CEO urges govt to prioritise remote districts


Remote and isolated districts in the country should be prioritised by the national government through the national budget by allocating them more moneys for development, says a CEO.

Ambunti-Drekikir chief executive officer Ricky Wobar told this paper in Port Moresby that the government must start to focus on this development agendas and start allocating more funding for delivery of basic services to most of the remote electorates in the country.

“I’m calling on the government to maximise and allocate more monies for the least and poor developed electorates than those more developed.

“We can’t expect the least and remote districts to get minimum basic services with the same amount of money allocated every year so I’m calling on the government if it can make adjustments,” said Mr Wabar.

Mr Wabar said that his district was among those least and remote electorates in the country and for the successive electorate MPs to deliver basic humanitarian service over the years since independence, it has been really challenging.

“For these least and remote districts, the cost involved as well as providing for fair distribution and delivery of services have been very challenging,” he said.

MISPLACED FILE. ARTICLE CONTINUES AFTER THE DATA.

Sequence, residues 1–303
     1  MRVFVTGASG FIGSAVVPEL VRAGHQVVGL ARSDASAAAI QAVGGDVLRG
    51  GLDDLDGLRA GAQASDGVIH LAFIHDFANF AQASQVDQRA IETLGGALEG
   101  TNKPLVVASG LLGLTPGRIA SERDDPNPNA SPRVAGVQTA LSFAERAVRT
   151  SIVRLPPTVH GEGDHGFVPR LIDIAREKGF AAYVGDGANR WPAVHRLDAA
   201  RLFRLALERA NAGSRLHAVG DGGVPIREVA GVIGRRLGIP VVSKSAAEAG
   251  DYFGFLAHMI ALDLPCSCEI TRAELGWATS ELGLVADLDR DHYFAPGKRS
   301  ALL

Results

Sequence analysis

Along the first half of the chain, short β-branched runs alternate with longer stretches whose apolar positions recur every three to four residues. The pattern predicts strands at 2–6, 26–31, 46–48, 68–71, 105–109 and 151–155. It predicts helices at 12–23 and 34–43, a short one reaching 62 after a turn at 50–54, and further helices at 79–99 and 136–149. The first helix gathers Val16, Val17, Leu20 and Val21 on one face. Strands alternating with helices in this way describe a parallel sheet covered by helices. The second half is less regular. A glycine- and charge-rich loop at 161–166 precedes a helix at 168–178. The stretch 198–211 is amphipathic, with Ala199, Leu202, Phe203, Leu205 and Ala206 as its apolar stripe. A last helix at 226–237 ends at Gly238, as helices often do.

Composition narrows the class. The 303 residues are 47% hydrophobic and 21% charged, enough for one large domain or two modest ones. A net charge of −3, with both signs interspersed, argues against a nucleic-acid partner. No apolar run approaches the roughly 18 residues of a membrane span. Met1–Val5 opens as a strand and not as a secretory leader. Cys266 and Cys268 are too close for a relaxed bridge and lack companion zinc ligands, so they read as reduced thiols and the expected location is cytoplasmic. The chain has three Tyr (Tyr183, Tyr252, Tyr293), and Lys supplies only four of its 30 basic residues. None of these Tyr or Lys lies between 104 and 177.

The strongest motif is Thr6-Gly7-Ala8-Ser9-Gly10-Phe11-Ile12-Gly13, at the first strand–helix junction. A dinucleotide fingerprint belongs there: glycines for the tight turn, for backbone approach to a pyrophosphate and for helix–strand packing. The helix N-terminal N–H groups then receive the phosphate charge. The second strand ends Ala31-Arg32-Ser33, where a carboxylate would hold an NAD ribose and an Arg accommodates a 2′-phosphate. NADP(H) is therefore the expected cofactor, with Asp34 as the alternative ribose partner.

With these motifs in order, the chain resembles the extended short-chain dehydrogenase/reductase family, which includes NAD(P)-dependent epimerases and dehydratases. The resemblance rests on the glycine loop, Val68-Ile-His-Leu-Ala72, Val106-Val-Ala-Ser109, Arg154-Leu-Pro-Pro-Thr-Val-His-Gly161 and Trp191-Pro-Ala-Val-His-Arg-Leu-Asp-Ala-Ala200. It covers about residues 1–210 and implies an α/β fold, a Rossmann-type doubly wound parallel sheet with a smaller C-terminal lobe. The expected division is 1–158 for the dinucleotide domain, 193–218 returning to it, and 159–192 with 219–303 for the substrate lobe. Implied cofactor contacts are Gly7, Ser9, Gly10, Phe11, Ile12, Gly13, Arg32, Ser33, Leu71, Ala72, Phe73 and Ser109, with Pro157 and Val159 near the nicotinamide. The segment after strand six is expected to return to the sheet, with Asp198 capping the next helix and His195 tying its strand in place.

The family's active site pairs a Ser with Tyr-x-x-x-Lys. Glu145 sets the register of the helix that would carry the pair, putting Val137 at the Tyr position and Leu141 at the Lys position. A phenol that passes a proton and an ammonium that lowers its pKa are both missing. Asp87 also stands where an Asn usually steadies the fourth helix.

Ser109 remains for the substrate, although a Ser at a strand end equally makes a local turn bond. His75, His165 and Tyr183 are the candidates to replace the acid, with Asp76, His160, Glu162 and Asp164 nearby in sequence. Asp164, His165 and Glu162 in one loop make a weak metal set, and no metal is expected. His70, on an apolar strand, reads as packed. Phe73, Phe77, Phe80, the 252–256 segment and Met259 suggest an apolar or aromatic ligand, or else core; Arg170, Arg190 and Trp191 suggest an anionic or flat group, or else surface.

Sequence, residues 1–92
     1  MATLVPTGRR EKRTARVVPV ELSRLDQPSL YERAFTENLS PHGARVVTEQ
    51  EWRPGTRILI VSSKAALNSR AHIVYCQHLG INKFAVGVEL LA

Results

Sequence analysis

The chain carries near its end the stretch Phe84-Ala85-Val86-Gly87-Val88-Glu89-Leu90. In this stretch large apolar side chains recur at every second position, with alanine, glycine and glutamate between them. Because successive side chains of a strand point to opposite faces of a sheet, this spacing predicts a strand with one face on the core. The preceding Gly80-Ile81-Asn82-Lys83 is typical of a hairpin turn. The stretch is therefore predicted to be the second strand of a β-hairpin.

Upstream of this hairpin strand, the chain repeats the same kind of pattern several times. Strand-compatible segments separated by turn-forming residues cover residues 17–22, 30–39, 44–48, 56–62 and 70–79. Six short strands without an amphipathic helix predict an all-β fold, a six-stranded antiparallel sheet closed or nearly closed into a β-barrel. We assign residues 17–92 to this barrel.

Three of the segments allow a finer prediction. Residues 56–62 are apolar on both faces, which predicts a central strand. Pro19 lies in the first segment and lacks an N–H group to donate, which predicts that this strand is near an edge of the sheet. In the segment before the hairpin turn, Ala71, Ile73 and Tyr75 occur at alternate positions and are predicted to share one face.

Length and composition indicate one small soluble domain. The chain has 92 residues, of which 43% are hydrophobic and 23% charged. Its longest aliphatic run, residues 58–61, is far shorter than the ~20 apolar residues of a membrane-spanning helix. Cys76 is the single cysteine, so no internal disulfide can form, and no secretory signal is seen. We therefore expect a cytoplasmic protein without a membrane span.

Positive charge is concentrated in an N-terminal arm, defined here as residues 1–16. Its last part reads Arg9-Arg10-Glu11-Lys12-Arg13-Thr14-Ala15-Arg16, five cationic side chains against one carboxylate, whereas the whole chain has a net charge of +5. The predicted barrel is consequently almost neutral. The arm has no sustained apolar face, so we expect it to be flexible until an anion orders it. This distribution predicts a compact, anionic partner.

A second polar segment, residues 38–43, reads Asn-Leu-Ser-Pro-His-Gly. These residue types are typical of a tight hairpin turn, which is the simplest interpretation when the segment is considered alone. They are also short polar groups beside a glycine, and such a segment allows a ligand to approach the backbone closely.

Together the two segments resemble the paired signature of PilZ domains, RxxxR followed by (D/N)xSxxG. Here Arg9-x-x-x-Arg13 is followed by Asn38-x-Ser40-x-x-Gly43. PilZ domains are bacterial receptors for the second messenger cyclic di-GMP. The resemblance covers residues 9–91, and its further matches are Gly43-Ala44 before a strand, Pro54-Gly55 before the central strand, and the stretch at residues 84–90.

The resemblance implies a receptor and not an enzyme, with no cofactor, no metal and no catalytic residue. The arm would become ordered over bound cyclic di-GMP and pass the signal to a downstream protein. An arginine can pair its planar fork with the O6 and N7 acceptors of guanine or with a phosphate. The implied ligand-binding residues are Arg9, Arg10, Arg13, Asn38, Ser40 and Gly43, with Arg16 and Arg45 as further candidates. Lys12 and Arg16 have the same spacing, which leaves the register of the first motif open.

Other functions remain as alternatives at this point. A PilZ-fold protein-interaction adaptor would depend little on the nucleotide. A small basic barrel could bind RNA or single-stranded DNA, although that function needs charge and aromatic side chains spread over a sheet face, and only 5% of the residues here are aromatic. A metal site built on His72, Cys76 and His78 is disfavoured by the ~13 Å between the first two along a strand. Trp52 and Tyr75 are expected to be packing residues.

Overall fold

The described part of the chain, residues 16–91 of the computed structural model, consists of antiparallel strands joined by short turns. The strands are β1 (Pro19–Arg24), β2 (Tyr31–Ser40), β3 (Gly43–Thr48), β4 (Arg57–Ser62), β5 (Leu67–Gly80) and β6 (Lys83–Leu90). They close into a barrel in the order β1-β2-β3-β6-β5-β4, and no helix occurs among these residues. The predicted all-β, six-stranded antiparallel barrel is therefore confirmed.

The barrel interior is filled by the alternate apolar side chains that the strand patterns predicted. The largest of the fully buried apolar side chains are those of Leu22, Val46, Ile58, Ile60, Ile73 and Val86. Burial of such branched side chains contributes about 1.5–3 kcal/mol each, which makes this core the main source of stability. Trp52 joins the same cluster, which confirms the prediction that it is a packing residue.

“For these disadvantage electorates to catch up with developments and one way I see is through increased funding for them,” he said.

The CEO said that under the current leadership of Johnson Wapunai, the district administration has prioritised education and health in its drive to maximise service delivery to the district though it’s not enough.

“The DDA of my district has seen the challenges and it has allocated more funding into health and education.

“Most of the community schools in the district are closed due to its remoteness so our local MP with his DDA has allocated more funding into training local teachers so that they can be able to go back and teach in their respective communities,” he said.

Local MP Johnson Wapunai raised similar sentiments and said that most of his DSIP funds are consumed by transportation costs than the actual cost of the projects and this he described will continue to be a hindrance to service delivery for most of the remote and least developed districts in the country.

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